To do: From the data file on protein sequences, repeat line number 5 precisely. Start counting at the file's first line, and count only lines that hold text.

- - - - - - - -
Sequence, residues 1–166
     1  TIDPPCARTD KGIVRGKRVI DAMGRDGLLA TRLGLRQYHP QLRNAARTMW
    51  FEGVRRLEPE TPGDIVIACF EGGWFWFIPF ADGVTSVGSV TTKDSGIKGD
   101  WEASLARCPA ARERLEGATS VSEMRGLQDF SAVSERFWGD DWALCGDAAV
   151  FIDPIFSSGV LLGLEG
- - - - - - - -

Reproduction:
   151  FIDPIFSSGV LLGLEG